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The power of habit.

Updated: Apr 21, 2019


The power of habit

Habit: A recurrent, often unconscious pattern of behavior that is acquired through frequent repetition.


“Champions don’t do extraordinary things. They do ordinary things, but they do them without thinking, too fast for the other team to react. They follow the habits they’ve learned,” says Charles Duhigg in his book, The Power of Habit.


We are the sum of our habits. The habits in our life define us.


Success in life is all about destroying your bad habits and adding good habits.


Here are eight ways to build a habit:


Daily discipline - When I focused on losing weight and getting into great shape, I developed a daily regimen of going to Orange Theory every single day (it’s a High-Intensity Interval Training class). Instead of spending my mental energy thinking about whether or not I would go, I booked out each level for two weeks straight. And then I showed up daily. Within two months I lost 14 pounds. After getting through a brutal hour-long workout, I began to ask myself, “If I can do this, what else can I accomplish?” Working out daily became a right keystone habit. Reduce your use of mental energy and implement a daily discipline. It’ll help you build a fantastic habit that could change your life.


Enjoy the process - Usually, you’re not going to get to your goal right away. Learn to be patient and enjoy the process. For example, when I was in sales, I didn’t love the cold calling and outbound emails I had to send to generate business. But then, one day, I realized that it’s all part of the process of getting better in sales. And so I embraced it more and began to make it part of my routine. Was I always successful in it every day? Not! Did it eventually to a deal that would be worth over $800,000? Yes! And it wouldn’t have happened if I didn’t enjoy the process and built this habit.


Post-It notes - I’ll write down my goal on a few of these and stick them on my wall (the one my office desk faces) or mirror so that I’m continuously reminded of a daily habit I should be doing. If I ever feel unsure about whether or not I’m on track, I look at the post-it notes. Simple.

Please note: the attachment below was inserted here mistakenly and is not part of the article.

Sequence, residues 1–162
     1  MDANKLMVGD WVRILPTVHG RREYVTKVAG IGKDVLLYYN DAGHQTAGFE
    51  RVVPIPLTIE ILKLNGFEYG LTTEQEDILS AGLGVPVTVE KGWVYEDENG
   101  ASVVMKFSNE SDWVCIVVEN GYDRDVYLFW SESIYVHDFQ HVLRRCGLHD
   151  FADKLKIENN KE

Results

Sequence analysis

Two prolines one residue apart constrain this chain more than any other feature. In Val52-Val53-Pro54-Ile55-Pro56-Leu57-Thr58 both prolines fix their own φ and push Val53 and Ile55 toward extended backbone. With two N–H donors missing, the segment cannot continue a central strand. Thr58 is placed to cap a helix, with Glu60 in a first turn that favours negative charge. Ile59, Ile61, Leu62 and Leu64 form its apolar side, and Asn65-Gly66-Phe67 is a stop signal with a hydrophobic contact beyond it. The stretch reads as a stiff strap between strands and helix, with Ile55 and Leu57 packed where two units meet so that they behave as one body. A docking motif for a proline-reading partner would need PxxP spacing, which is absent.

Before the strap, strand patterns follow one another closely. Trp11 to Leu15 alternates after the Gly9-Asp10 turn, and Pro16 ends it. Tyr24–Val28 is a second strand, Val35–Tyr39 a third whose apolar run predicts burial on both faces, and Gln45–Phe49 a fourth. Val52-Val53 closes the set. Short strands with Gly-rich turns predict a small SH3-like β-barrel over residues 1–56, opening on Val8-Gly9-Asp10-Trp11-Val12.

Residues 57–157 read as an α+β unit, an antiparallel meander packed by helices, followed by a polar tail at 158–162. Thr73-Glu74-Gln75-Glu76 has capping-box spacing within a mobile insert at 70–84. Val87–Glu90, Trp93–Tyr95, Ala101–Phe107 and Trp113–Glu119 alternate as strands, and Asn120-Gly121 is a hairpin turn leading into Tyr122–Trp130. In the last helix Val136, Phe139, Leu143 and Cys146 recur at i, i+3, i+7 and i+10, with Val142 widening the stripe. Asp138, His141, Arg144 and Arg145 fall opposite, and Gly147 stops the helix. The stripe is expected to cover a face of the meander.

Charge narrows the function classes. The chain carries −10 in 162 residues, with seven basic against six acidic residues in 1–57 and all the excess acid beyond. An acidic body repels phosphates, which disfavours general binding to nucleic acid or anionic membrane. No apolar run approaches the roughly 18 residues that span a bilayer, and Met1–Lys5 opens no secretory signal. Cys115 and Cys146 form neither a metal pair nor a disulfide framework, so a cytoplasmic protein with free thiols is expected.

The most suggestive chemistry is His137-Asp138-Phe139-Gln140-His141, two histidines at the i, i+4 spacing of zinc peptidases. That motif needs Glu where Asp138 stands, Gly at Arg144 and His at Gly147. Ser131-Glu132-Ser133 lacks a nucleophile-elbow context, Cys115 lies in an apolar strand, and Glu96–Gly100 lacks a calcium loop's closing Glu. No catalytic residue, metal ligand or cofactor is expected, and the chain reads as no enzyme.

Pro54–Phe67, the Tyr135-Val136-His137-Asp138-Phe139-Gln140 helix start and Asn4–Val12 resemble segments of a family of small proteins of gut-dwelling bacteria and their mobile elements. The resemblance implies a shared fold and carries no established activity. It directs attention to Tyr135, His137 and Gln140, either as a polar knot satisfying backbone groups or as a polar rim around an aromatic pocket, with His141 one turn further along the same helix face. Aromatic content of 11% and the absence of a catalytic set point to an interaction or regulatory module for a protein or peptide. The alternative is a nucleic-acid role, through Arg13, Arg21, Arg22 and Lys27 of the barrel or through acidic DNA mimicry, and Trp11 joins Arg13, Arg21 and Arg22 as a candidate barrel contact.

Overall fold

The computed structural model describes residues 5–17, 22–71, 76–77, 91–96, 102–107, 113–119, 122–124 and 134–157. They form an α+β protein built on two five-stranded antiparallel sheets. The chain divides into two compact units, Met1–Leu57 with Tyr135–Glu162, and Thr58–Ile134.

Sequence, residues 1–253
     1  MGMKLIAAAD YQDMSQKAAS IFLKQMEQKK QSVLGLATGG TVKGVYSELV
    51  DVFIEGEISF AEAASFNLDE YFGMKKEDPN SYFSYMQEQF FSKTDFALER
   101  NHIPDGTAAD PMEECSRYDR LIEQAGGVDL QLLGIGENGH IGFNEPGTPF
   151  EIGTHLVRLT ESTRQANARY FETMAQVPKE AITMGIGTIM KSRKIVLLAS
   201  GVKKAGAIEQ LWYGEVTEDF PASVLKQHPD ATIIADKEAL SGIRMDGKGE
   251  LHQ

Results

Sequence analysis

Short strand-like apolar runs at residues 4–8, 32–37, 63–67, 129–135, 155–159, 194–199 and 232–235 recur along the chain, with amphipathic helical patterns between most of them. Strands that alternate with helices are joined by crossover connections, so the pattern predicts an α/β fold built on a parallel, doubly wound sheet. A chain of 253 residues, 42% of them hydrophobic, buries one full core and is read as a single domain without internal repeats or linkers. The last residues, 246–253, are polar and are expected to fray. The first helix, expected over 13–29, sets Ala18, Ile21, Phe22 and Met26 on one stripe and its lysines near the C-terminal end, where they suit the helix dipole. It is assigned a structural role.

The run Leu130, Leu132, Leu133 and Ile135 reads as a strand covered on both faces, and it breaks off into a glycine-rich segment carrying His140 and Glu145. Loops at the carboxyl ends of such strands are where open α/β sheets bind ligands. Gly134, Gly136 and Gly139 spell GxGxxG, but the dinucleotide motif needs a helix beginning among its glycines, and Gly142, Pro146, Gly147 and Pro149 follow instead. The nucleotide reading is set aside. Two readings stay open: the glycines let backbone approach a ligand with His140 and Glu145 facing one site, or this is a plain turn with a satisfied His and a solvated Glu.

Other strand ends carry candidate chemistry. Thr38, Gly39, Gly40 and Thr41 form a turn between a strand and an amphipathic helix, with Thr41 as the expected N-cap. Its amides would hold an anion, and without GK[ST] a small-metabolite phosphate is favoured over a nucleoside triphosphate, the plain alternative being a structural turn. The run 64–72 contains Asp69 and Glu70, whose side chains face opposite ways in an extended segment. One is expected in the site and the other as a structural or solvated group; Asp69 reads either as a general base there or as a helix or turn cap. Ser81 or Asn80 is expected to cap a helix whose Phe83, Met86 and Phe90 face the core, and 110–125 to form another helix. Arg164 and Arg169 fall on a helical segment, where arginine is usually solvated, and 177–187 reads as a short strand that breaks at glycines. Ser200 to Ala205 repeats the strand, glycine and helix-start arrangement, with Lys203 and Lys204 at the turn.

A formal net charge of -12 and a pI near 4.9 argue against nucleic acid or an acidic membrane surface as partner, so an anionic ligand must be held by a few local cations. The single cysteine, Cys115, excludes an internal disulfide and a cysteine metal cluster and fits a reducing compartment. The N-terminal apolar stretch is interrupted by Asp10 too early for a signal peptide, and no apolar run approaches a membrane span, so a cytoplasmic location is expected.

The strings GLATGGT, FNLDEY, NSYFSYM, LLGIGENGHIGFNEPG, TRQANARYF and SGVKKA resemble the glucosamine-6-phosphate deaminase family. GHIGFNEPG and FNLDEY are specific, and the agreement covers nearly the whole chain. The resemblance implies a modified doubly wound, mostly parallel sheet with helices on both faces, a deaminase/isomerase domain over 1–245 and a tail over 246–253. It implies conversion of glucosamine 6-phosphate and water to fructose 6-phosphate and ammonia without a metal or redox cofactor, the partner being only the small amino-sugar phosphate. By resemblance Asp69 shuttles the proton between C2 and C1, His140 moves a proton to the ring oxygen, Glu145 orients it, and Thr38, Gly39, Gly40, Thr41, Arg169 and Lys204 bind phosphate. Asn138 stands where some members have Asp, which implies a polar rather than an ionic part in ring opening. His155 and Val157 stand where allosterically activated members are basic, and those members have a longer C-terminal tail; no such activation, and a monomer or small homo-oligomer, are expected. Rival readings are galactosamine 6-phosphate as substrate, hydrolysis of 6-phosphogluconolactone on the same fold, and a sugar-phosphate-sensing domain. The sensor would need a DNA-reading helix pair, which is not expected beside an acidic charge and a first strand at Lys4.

Start with little habits - Does the idea of going to the gym for two hours a day sounds a bit overwhelming? For most people, probably. In these cases, consider starting with little habits that are much easier to implement to get your momentum going. For example, you could do ten jumping jacks between every business meeting during the day. Before you know it, you’ll have knocked out 100 of them! And then over time, as you begin to get more fit, you’ll take on larger exercise goals. Tiny habits can eventually lead to big ones.


Let it be known - Announce it on Facebook. Email 3 of your closest friends. Shout it out from the rooftops! Let people know what your goals are for your new habits so that they can hold you accountable.


Keep the train going - When it feels like you no longer have any time (or energy) left in the day to do the work, don’t just give up. Instead, do something, even if it’s only the smallest of actions, that keeps you moving forward towards your goal. Don’t let the train stop. Keep on going.


Get back on track - Well…sometimes…that train will stop. You’ll slip up and miss your daily habit now and then. We’re human after all. The key is to get back into the practice as quickly as possible, so it doesn’t slip away from you. Try not to let yourself miss your daily habit more than once.


Work on your most important habit in the morning - For many people, you’ll have the most energy and focus in the morning. Jeff Bezos has his “High IQ meetings” at 10 AM for example so that he can spend his energy on “mentally challenging” situations then.


Drop your comments below and let us know what you think of this. Share any points if we have missed. Stay healthy Stay fit and Stay motivated.

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